The numismatic world was rocked in 2016 with the bombshell
announcement by Whitman Publishing that researchers had
uncovered the existence of hubs, master dies and other tooling at the
Philadelphia Mint for the production of 1964 Morgan dollars.
The researchers’ sleuthing, however, did not yield proof that 1964
Morgan dollars were struck.
The researchers also found hubs and master dies for the 1964 Peace
dollar, trial strikes of which were produced at the Denver Mint in 1965.
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The discoveries were actually made in July 2015 at the Philadelphia
Mint during research conducted for the fifth edition of A Guide
Book of Morgan Silver Dollars, but not revealed until 2016 with
promotion of the new edition.
In July 2015, four prominent numismatists visited the Philadelphia
Mint: Dennis Tucker, publisher for Whitman Publishing LLC; prolific
numismatic author Q. David Bowers, chairman emeritus of Stack’s Bowers
Galleries and numismatic director at Whitman; John Dannreuther,
numismatic researcher, co-founder of Professional Coin Grading Service and owner of
Rare Coins in Tennessee; and David Sundman, president of Littleton
Coin Company in New Hampshire.
Dannreuther and Sundman are also Whitman authors.
No trial strikes of either a 1964 Morgan dollar or a 1964 Peace
dollar were discovered, though, and it remains uncertain whether any
trial strikes were made of the 1964 Morgan dollar.
Any such theoretical production of a Morgan dollar would have
coincided with the Mint’s consideration of what designs to use for the
silver dollar, after Congress authorized resumption of silver dollar
production for the first time since Peace dollars were last struck in 1935.
Known experimentation included production of an estimated 322,394
1964-D Peace dollars at the Denver Mint between May 13 and May 24,
1965, according to author Roger W. Burdette in A Guide Book of Peace Dollars.
All of the Peace dollar trial strikes were reportedly melted, with
none officially released into circulation. No examples are officially
During the July 2015 Philadelphia Mint visit, Tucker was
photographing galvanos and plaster models of Philippine coins struck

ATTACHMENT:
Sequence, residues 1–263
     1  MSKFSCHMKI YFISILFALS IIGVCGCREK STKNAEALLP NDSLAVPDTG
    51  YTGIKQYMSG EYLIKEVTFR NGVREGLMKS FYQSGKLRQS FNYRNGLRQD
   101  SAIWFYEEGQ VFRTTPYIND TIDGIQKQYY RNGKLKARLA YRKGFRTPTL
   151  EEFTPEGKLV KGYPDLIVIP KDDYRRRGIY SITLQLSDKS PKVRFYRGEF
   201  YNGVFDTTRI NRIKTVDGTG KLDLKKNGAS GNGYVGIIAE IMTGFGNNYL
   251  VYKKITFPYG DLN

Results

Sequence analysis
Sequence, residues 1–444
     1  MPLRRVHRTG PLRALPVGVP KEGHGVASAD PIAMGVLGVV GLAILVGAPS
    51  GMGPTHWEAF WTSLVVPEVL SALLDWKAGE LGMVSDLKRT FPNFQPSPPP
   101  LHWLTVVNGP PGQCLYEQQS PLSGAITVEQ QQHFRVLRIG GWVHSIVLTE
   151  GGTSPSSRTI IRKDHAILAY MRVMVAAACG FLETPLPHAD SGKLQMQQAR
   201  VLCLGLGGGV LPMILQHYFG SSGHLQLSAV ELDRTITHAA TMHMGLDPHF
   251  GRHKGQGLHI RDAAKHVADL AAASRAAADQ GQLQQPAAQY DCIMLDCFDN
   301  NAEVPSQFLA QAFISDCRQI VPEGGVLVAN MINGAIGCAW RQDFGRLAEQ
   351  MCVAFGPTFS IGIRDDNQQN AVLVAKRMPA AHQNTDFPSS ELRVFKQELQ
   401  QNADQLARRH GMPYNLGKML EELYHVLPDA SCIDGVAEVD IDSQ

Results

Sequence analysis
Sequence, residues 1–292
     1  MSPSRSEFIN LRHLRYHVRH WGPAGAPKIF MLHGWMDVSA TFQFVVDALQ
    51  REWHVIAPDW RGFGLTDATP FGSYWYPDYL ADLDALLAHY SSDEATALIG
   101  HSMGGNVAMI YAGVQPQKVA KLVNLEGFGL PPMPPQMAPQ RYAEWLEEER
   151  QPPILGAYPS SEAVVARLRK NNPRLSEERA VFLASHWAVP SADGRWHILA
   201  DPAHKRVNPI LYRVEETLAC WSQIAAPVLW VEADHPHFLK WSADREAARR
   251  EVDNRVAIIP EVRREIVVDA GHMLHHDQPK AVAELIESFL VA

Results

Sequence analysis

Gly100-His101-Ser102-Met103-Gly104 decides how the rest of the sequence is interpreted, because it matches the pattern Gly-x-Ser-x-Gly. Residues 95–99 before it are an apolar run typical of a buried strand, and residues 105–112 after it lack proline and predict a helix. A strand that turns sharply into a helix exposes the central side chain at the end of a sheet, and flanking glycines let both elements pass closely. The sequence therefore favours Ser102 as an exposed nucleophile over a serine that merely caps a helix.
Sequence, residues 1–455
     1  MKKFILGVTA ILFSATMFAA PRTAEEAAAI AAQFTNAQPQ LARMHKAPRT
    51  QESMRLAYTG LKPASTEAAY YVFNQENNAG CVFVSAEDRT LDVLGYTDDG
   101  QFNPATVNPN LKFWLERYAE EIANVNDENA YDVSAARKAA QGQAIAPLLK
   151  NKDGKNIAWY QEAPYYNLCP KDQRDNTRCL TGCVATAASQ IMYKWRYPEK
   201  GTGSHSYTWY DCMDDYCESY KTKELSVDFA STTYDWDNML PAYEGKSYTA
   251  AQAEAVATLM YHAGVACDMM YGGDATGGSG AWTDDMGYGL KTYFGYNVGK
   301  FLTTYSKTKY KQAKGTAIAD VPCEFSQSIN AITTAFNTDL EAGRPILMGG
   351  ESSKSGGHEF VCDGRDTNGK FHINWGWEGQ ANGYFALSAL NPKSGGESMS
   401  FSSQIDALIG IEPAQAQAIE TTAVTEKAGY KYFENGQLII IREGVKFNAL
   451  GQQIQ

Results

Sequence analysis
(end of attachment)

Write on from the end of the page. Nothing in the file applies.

under U.S. sovereignty in the 1900s. For the then-in-progress A Guide
Book of Morgan Silver Dollars, Bowers and Sundman were jointly
examining materials related to Eisenhower and Anthony dollars, and
Dannreuther was randomly combing through a cabinet of trays.
when Dannreuther alerted the others that he had come across obverse
and reverse galvanos for Morgan dollars, he did not immediately note
their date. Tucker interrupted his photography to see what Dannreuther
Almost simultaneously, the two men’s eyes focused on the date — 1964.
“Our excitement grew as all doubt was dispelled — these clearly were
models for a 1964-dated Morgan dollar, ...” according to Tucker.
“Conventional numismatic wisdom held that in 1910 the Mint destroyed
its dies, hubs, and other working materials relating to the Morgan
dollar, since there was no expectation the coin would ever be minted again.
“When it was brought back, for one final round of coinage in 1921,
the dies used were from shallow, low-relief hubs recreated from an
1878 coin. A generation later, when Congress decided to issue a silver
dollar again in 1964, the design the Mint used was that of the 1921 to
1935 Peace dollar, rather than the Morgan.”
Another researcher, Roger Burdette, had reported in his Whitman book
on Peace dollars that Mint officials in the mid-1960s had debated
whether to use the Morgan designs or Peace designs for the new silver
dollars that Congress had ordered struck. However, Burdette’s research
had not uncovered evidence that the Mint got as far as creating
galvanos, dies and hubs for 1964 Morgan dollars.
Dannreuther said the 1964 Morgan dollar galvano he discovered — a
large metal model once used in the created of a master hub — was
unlike any other galvano he has even seen, being smaller than any
galvano he has seen before. Circular lines at the center on Liberty’s
face indicate it was probably used on the Janvier reduction lathe, he
said, which routinely left such marks as the hubs were being created.
Tucker said the 1964 Morgan dollar tooling examined is more in line
with the 1878 to 1904 Morgan dollar dies than with the shallower
relief 1921 dies — “an interesting anomaly given that the original
older materials were ordered destroyed by Mint Director Andrew in 1910.”
Read all of our Coin World Top 10 of 2016 series:
- U.S. Mint issues gold Centennial coins
- Pogue IV auction tops $16 million
- Rare English gold coin found in toy
- Boutique bullion trend catches on worldwide
- Langbord 1933 double eagle case rolls on
- 1974-D aluminum cent returned to U.S. Mint
- Treasury announces new Federal Reserve note
- 1964 Morgan dollar tooling uncovered
- American Liberty silver medal released
- U.S. Mint plans yearlong 225th anniversary party